Given FDIC receiverships are rare relative to filings under the U.S. Bankruptcy Code, and less commonly understood, it would be wise for customers and counterparties to assume, at least initially, that the FDIC, as receiver, has powers to unilaterally deal with bank assets in ways similar to a bankruptcy trustee. In some respects, the FDIC and federal government have more latitude. For example:

  • The FDIC may (i) disaffirm or repudiate any contract or lease if it would be too burdensome, or if repudiation would promote orderly administration and (ii) transfer rights and obligations under a contract, in either case without regard to whether the contract is "executory," as is required under the Bankruptcy Code.
  • The priority scheme in an FDIC receivership is similar to that of a bankruptcy case:
    Secured claims ) Administrative expenses ) Insured deposits (standard amount of $250k per category) ) Uninsured deposits ) General and senior liabilities ) Subordinate liabilities ) Shareholders
  • The FDIC has discretion to allow or disallow claims, depending on whether they are "proved to the satisfaction of the receiver" and meet certain procedural requirements.

Although a bank is not eligible to file a petition for relief under the Bankruptcy Code, the bank holding company that owns it may and often does file for bankruptcy relief. This materialized in 2008 with respect to Washington Mutual's parent company, which filed for chapter 11 the day after WaMu failed, and more recently with SVB Financial Group, SVB's corporate parent, which filed for chapter 11 on March 17, 2023.

5. What are the risks to certain types of businesses and relationships with a failed bank?

Certain businesses and bank relationships face specific risks when the FDIC takes over as receiver:

Borrowers with revolving credit facilities and other loan agreements

Borrowers may be unable to draw on loan facilities if there is not a swift P&A or sale of the bank's loan portfolio, or if the federal government does not provide assistance, potentially causing a tide of defaults rolling from bank customers to those customers' counterparties who go unpaid.

The FDIC may sell the failed banks' loans, but until a borrower receives notice of a transfer, it generally must continue making payments and cannot terminate or declare a default under any agreement with the failed bank for a period of 90 days after the receivership. Absent extraordinary measures, the FDIC generally does not continue a failed bank's lending operations but will consider exceptions.

Landlords in possession of letters of credit issued by a failed bank

The FDIC has warned in the past that letters of credit (LCs) will not be honored, potentially leaving landlords that accept LCs without security for unpaid rent. Further, a claim under an LC may be considered contingent and not allowed in the receivership, unless a draw was made prior to the commencement of the receivership.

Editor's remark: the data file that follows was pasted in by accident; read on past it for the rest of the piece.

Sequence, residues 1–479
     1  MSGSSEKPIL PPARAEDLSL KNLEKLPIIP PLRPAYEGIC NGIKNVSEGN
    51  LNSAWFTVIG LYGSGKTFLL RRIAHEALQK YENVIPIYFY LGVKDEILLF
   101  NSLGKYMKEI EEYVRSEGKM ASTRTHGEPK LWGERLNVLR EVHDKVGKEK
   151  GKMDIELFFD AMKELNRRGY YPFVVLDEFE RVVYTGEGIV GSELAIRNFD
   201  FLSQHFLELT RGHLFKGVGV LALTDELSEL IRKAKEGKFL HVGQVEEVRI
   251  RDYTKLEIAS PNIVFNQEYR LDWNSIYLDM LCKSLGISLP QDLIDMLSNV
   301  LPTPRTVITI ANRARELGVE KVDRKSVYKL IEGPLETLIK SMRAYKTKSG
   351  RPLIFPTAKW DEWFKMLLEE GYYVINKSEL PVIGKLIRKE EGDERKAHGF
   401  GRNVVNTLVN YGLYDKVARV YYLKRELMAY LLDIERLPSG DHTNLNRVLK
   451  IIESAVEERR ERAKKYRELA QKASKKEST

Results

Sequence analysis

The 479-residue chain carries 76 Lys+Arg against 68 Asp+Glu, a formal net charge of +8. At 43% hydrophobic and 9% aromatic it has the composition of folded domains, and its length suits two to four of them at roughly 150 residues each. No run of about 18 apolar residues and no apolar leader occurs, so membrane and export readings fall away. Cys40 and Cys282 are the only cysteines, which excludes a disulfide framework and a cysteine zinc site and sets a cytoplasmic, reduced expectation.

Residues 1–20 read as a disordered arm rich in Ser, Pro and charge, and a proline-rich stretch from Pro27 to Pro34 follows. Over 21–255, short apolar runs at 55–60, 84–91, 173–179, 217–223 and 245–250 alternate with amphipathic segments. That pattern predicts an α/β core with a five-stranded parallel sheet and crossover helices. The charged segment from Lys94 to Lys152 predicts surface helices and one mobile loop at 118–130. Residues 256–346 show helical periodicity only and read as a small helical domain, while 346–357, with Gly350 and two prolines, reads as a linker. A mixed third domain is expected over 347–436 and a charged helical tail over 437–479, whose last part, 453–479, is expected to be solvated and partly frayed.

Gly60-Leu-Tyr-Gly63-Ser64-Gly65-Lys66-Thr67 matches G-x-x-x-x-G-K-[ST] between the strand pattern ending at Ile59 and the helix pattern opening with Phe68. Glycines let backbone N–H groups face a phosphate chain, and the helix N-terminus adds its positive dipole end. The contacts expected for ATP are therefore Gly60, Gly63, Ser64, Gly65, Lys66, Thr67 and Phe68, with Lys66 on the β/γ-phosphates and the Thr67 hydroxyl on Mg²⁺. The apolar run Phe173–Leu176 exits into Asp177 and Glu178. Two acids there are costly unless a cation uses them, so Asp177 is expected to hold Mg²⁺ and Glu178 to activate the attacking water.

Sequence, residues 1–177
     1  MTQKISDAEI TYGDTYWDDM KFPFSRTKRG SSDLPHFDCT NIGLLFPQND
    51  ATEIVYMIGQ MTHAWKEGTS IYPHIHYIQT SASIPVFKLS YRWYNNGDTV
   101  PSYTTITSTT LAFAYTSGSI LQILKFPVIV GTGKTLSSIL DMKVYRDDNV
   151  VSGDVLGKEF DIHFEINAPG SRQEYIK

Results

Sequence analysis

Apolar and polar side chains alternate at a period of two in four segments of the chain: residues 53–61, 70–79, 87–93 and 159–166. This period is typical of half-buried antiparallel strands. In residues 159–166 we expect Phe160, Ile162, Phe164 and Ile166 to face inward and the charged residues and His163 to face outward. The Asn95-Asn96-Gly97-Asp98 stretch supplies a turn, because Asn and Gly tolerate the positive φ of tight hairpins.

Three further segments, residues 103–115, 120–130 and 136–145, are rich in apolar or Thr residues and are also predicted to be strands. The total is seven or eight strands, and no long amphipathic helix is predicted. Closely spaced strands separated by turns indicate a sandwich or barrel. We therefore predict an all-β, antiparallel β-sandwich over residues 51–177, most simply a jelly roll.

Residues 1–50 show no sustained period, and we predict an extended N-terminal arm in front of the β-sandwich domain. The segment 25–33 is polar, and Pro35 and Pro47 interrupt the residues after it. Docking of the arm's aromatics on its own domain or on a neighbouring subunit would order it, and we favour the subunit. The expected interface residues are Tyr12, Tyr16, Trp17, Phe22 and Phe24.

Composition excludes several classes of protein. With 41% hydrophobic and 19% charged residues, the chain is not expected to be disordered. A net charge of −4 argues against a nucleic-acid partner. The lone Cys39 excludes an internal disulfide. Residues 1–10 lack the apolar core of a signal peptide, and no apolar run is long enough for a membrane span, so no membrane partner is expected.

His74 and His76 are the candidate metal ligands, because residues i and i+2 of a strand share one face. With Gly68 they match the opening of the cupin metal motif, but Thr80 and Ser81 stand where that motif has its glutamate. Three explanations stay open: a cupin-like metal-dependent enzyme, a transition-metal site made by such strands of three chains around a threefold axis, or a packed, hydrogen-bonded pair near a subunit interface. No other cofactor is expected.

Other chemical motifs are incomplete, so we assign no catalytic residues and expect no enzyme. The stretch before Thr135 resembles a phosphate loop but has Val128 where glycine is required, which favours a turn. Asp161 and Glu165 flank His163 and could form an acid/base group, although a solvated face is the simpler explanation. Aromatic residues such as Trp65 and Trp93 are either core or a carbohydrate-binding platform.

Landlords will need to consider requesting alternative forms of security, such as cash or an LC from another bank (such requests may be authorized by the lease terms).

Issuers of equity and convertible instruments held by the failed bank

Issuers should be aware that without an acquisition of the failed bank or its loan portfolio, equity and convertible instruments issued to the bank in connection with financings could be liquidated in the receivership, subjecting such issuer-borrowers to new, unintended equity holders. Issues may arise as to the enforceability of transfer restrictions governing such securities and instruments, including with regard to voting rights.

Parties that paid a failed bank within 90 days of the receivership

Transfers within close proximity of the receivership could be subject to clawbacks, such as for the return of fraudulent conveyances. The prospect of a bankruptcy filing or Title II receivership under Dodd-Frank for a failed bank's corporate parent may further increase the risk of avoidance actions under preferential and fraudulent transfer theories. Any intermediary should consider the risk of clawback before paying over to third parties any funds received by a failed bank.


Despite the emergency actions taken by the FDIC and other regulators, there is a crisis of confidence afflicting the banking system. What's more, Treasury Secretary Janet Yellen has cautioned that there is no blanket government guarantee of all deposits. Given that warning, understanding what could happen is critical to protecting yourself against the next bank failure.

The content of this article is intended to provide a general guide to the subject matter. Specialist advice should be sought about your specific circumstances.